(This is a two-part series. Part II
tomorrow Monday.- DN)
You don’t need me to tell you that there is a lot of excitement about the "30 in 10" proposal to use federal loans to get all Measure R projects completed within ten years. The idea isn’t just gaining momentum on Capital Hill, but all of a sudden, other cities are looking to Los Angeles as a model for transit planning. Unasked in all of this is whether or not Metro could handle construction of the Crenshaw Corridor Project, Expo Phase II, The Green Line to LAX, the Regional Connector, the I-405 Corridor Project, the Green Line South Bay Extension and, of course, the Subway to the Sea.
Transit advocates gave a mixed response when asked their thoughts on Metro’s ability to carry this load all at once. Most of the concerns weren’t with the competence of Metro, as was brought up in a City Watch column on the same issue last week, but with other issues such as the ability to marshal the needed contractors and resources. Others brought up the issue of operations. If all of the needed funds were to come from Washington, how would Metro pay to run all of these new lines after they were built?
The concern isn’t limited to activists. In December, Mayor Villaraigosa and Metro Board Chair Ara Najarian co-sponsored a motion asking Metro to bring in some auditors to determine just that. PB America has issued a preliminary report outlining some of the changes it feels Metro needs to make to its procurement, construction and project management teams and procedures to make their process more efficient.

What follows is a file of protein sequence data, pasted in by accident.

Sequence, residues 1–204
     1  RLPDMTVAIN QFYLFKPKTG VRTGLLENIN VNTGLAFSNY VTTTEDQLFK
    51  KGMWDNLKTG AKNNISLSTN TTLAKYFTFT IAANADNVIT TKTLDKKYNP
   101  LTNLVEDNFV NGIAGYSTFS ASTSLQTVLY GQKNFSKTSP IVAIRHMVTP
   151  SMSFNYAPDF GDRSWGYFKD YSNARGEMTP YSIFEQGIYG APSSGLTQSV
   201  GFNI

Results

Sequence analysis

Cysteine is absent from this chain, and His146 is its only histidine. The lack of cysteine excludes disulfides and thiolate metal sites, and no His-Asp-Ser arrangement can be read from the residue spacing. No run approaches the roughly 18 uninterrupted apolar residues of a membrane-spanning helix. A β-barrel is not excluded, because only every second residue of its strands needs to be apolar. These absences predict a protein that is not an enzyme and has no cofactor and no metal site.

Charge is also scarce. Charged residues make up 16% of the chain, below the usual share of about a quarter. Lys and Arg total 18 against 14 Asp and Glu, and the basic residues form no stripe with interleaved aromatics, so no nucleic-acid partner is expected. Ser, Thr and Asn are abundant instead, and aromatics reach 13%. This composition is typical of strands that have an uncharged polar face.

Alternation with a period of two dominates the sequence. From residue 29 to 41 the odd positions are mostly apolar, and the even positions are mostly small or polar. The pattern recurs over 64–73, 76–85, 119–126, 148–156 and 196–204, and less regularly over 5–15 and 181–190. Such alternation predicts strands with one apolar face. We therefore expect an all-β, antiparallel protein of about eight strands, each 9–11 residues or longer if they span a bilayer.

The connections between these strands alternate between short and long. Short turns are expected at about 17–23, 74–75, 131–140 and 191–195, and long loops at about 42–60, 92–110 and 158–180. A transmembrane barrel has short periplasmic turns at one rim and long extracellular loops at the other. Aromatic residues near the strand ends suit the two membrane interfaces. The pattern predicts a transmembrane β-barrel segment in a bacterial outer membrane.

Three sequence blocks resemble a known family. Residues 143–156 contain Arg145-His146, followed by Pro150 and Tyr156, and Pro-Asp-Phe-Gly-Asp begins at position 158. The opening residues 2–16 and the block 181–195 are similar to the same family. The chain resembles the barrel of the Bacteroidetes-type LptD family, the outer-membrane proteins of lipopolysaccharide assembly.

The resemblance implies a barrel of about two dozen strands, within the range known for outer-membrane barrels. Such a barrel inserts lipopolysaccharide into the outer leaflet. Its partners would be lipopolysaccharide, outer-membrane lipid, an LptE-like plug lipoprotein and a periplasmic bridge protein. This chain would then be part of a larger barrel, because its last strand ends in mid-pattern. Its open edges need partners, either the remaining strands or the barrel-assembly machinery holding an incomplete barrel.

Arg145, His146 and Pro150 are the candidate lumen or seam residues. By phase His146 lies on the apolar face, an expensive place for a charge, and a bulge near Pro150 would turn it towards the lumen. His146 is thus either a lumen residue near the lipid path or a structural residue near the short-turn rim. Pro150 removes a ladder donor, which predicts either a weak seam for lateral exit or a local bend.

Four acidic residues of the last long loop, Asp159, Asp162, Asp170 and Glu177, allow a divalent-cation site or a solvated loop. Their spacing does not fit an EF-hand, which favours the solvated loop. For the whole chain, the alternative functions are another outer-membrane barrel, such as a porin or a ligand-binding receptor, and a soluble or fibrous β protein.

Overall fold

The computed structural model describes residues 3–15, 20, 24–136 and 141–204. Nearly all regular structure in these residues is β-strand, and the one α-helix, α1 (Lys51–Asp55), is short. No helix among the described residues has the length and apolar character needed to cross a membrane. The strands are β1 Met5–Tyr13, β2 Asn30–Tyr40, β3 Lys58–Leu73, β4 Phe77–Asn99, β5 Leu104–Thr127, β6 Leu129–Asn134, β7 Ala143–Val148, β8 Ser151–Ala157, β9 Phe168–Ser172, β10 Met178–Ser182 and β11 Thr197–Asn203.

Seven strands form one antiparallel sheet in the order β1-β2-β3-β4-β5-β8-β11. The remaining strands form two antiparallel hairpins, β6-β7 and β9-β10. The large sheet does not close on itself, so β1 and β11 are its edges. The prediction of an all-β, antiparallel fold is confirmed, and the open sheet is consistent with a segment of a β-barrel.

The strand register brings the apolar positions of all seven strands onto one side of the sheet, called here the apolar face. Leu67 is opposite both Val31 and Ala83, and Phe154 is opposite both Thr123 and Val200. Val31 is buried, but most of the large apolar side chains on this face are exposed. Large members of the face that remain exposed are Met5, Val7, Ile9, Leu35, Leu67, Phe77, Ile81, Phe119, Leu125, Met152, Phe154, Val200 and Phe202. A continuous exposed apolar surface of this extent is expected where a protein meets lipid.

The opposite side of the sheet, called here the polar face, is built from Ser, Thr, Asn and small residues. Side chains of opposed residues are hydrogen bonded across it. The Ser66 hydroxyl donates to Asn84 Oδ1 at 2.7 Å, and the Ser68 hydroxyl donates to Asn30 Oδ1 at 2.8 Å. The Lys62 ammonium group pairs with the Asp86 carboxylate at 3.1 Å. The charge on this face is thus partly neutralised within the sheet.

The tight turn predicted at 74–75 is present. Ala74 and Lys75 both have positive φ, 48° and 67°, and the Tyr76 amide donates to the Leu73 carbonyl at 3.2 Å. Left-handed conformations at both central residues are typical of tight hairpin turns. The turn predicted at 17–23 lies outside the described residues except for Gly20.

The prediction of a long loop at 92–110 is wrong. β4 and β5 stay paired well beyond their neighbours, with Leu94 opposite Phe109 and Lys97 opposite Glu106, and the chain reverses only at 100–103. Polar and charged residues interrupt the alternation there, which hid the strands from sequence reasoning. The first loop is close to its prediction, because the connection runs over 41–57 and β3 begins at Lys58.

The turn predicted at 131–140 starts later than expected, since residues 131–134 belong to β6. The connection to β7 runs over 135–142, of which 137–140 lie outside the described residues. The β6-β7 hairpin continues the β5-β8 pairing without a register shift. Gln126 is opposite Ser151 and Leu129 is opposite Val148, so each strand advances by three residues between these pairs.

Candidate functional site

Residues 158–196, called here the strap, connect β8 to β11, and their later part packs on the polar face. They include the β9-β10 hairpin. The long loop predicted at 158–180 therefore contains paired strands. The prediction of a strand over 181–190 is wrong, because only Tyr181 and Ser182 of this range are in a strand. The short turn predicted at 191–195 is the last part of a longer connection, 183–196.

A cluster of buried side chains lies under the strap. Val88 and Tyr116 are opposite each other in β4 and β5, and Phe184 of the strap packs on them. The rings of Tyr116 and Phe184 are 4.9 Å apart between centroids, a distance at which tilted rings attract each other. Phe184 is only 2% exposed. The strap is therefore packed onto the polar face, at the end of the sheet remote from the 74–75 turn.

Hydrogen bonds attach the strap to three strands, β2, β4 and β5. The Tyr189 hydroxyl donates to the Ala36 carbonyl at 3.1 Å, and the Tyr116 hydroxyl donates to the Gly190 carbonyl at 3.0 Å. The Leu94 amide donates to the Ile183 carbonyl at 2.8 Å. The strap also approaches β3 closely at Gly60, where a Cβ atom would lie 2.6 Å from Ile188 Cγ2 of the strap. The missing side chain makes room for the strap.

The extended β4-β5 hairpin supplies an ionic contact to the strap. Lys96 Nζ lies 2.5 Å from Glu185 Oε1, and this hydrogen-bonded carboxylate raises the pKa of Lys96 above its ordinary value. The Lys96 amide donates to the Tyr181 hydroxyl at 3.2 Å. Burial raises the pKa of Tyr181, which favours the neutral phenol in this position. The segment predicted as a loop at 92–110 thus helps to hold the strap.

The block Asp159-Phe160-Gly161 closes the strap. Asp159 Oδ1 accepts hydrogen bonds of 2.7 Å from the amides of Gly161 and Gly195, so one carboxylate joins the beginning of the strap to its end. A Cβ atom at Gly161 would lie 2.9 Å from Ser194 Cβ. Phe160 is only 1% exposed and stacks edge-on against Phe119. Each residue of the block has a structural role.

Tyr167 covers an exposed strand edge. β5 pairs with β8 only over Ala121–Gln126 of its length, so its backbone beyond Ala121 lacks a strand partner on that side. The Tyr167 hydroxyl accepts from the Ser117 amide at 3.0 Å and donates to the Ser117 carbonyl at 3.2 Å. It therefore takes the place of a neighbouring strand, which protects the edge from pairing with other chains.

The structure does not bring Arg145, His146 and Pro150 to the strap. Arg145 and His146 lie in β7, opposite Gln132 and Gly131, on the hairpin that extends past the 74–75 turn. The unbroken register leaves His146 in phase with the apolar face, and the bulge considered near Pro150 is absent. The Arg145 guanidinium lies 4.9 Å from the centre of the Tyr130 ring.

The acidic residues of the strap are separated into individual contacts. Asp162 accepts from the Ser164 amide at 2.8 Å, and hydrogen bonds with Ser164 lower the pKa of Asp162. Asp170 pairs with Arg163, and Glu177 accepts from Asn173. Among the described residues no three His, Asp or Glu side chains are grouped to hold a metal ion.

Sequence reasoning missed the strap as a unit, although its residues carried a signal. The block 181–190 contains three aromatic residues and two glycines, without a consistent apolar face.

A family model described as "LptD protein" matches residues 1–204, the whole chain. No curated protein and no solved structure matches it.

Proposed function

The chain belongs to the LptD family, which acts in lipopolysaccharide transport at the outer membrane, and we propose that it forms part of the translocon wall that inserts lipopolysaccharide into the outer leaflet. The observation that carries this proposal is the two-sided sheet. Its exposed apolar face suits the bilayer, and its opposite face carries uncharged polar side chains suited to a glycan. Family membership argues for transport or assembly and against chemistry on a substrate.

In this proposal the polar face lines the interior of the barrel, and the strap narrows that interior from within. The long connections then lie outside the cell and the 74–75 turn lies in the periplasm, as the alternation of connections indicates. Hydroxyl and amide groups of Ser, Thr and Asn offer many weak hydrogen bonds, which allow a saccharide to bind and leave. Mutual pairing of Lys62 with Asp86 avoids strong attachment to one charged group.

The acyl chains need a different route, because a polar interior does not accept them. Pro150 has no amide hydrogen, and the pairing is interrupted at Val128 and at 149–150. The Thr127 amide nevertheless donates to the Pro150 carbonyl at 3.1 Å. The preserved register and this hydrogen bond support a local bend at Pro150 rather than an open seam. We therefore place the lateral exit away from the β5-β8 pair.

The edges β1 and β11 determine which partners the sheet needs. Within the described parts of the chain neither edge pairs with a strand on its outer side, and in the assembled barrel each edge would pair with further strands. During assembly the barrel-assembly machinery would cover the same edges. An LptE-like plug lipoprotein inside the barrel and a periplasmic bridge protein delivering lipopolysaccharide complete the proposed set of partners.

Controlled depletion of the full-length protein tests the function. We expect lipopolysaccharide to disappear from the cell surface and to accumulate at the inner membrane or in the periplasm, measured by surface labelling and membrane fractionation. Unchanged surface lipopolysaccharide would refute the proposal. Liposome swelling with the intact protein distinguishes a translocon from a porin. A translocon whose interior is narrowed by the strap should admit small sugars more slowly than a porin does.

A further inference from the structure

But that doesn’t mean that the top brass at Metro isn’t positive Measure R’s promise can be completed on an accelerated time table. Officials from the Mayor’s office expressed confidence, after consulting with other public and some private officials, that they can meet this goal. However, Metro is going to have to increase its efficiencies regardless of whether "30 in 10" comes to fruition. In just the next couple of years, before Mayor Villaraigosa is term-limited out of office, Metro should have completed the Canoga Extension of the Orange Line and Phase I of the Expo Line. In addition,
the Foothill Extension of the Gold Line, the Crenshaw Corridor project, Phase II of the Expo Line, the first phase of the Westside Subway and the Regional Connector should all have started construction. With or without "30 in 10," Metro has its work cut out for it.
One issue that seems to be of serious concern is the competitiveness of Metro’s procurement process. In the middle of a recession, Metro was able to get one bid for the I-405 Widening, a project that construction companies should have been jumping at. Page 19 of the preliminary report has a couple of vague recommendations that show that while there isn’t a game plan to fix this issue, it is one that Metro and PB know needs to be addressed.
But officials concede that as currently constructed, Metro isn’t ready as of yet, but they believe it can be soon.
Jaime de la Vega, the Deputy Mayor for Transportation for the City of Los Angeles, explains “MTA is definitely in a state of change right now. We have a new CEO and Measure R is the
first sales tax for transit in the last 18 years…Now that there’s money and political will
power and expectations that these projects will get done in a timely
manner. I think it’s doable and I
think MTA will get it done."
So, in addition to getting the "30 in 10" reforms passed in Washington, D.C. Angelenos will also need Metro to reorganize itself before it can tackle all of these projects. The final PB America report is due in June, then, assuming the Metro Board is on board, CEO Art Leahy will have to lead in the reorganization.
Which takes us to the next questions. If we assume that neither funding nor Metro’s competence and organization are in question, is it possible to have every Measure R transit project ready for launch by 2020?